November 6, 2015
We begin this week’s PopCulteer on a sad note. Early Thursday morning, legendary car customizer, George Barris, passed away at the age of 89.
Barris was most famous for creating the first offical Batmobile in late 1965 for the Batman TV show, which premiered on ABC in January the following year. While his transformation of the one-of-a-kind Lincoln Futura into the only car with a legitimate claim to be the first Batmobile was his signature moment, he created and customized dozens of other legendary cars for films and television.
Fans of the movies, “North by Northwest” and “The Time Machine” and TV shows like “Knight Rider,” “The Munsters” and “The Beverly Hillbillies,” were treated to the imagination and craftsmanship of this automotive and artistic genius.
DC Entertainment released the following statement:
George Barris was a true creative genius and we are saddened to learn of his passing. George’s design contributions to the legendary 1966 Batmobile thrilled fans of the classic “Batman” TV show, left an indelible mark on Batman legacy and lore, and is still recognized as one of the most iconic vehicles of all time.
“Growing up I wanted to fight crime just so I could drive George’s Batmobile,” said DC Entertainment Co-Publisher Jim Lee. “It was my great honor to get to meet him in person recently and to thank him for his contributions to the world of Batman, and there was no greater thrill than getting to sit in that Batmobile from my childhood.”
That original Batmobile sold at auction in 2013 for a record-setting $4.62 million. It’s now available for purchase again for $5 million. Over the years many cars have turned up, being billed by their owners as having predated the Barris car in an official capacity but those claims are easily disproven, and those cars are long forgotten. Despite the efforts of others to downplay his contributions, nobody can deny the innovation and pure genius of George Barris.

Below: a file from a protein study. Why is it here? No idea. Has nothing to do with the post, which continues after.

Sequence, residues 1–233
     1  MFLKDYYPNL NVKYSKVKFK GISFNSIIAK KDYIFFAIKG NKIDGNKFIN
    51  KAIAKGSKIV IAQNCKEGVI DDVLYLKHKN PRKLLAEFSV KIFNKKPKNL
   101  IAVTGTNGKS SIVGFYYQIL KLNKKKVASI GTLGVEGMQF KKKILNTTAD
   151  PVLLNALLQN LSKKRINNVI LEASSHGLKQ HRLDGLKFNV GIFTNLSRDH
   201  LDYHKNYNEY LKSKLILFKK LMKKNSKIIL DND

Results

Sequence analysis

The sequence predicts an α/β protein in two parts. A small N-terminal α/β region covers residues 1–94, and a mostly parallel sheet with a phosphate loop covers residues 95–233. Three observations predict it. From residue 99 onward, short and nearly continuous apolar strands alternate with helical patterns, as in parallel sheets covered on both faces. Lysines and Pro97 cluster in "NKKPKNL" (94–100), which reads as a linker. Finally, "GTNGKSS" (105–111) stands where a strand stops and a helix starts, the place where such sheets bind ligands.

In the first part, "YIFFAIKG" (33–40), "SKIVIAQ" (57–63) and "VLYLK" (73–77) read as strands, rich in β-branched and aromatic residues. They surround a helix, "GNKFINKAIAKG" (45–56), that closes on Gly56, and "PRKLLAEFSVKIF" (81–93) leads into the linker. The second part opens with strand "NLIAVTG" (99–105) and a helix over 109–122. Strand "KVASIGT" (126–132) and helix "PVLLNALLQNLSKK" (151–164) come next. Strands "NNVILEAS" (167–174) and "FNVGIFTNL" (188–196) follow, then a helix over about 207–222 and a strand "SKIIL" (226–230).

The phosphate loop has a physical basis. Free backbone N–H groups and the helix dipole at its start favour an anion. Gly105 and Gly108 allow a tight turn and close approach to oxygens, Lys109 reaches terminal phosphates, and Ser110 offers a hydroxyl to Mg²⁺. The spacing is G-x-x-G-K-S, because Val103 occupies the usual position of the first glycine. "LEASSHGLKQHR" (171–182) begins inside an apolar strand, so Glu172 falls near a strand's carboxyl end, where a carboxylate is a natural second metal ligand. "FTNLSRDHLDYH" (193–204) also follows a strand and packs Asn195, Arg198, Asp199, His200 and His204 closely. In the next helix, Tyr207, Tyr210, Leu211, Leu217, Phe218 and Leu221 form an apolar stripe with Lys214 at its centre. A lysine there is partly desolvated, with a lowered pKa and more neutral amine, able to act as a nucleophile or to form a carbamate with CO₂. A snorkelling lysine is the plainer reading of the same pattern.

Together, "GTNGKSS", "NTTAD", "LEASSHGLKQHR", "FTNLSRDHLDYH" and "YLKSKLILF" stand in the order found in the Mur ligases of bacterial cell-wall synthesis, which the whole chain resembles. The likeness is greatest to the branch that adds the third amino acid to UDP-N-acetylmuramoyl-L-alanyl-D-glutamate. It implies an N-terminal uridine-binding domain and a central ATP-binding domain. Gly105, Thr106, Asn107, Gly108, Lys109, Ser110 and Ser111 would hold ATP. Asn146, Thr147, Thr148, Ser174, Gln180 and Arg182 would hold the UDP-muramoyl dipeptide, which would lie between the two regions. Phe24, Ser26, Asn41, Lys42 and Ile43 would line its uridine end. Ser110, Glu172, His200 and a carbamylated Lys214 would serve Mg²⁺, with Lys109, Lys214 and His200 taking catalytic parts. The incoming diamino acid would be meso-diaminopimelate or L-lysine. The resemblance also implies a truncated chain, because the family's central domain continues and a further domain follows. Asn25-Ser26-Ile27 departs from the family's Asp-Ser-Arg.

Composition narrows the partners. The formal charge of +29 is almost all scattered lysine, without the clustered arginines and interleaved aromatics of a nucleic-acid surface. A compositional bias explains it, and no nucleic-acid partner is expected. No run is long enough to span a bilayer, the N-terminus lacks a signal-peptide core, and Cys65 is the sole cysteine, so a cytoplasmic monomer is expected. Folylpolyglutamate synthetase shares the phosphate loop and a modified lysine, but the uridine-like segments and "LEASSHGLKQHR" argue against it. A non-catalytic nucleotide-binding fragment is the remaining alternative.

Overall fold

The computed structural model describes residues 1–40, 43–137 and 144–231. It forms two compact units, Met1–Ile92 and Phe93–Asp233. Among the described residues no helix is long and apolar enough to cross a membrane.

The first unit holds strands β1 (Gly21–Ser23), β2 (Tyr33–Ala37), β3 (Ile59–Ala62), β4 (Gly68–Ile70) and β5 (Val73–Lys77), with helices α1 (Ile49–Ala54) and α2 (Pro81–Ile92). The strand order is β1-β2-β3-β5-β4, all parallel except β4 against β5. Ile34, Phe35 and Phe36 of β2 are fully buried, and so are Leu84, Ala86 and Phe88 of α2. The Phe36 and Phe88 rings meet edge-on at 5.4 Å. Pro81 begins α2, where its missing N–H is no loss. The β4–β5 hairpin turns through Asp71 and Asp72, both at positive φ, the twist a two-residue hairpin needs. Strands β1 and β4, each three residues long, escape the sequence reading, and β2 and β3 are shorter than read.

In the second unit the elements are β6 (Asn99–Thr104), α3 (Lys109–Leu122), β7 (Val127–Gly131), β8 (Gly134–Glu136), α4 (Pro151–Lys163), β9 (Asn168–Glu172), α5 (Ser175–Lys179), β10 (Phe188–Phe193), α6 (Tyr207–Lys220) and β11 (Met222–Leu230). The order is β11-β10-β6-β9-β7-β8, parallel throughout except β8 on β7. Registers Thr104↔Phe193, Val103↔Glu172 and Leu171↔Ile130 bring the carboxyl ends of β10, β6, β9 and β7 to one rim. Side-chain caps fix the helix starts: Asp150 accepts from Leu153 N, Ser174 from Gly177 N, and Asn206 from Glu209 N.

With the passing of Barris this week and the death of Dean Jeffries in 2013, Tom Daniel is the only survivor of the “Big Three” custom car designers of the 1960s. Over the years PopCult has often held up the George Barris Batmobile as a true icon, a symbol of everything that coolness embodies. We had to take a moment to salute a fallen hero. Rest in peace, Mr. Barris, and thanks for all you have given us.
Stuff To Do
The big thing this weekend is The Mountain State Pop Expo. Check out the flyer below and read more about it HERE.
The other big thing to do Sunday night is Mark Hosler, of Negativeland, appearing Sunday at the The Empty Glass. Mark Hosler is a founding member of the American audio visual collage group Negativland. Since 1980 Negativland have been creating records, video, visual art works, radio, and live performance, using appropriated sound, image and text. Taken mostly from corporately owned mass culture, Negativland re-arranges these found bits and pieces to make them say and suggest things that they never intended to. In doing this kind of cultural archaeology and “culture jamming” (a term they coined way back in 1984), Negativland have been sued twice for copyright infringement.
Negativeland was “sampling” before most people knew what that meant, and they were the ultimate 1980s underground musical collective. Hosler will perform at the Empty Glass, with Sign of the Fig in support.
This is your last weekend to catch these two great shows:
Here’s your guide to the late-night music scene, including a couple of flyers featuring clip art by Mitch O’Connell!
That’s it for this week’s PopCulteer. Check back for our regular features and look for us at The Mountain State Pop Expo.
Nice tribute to George Barris, Rudy.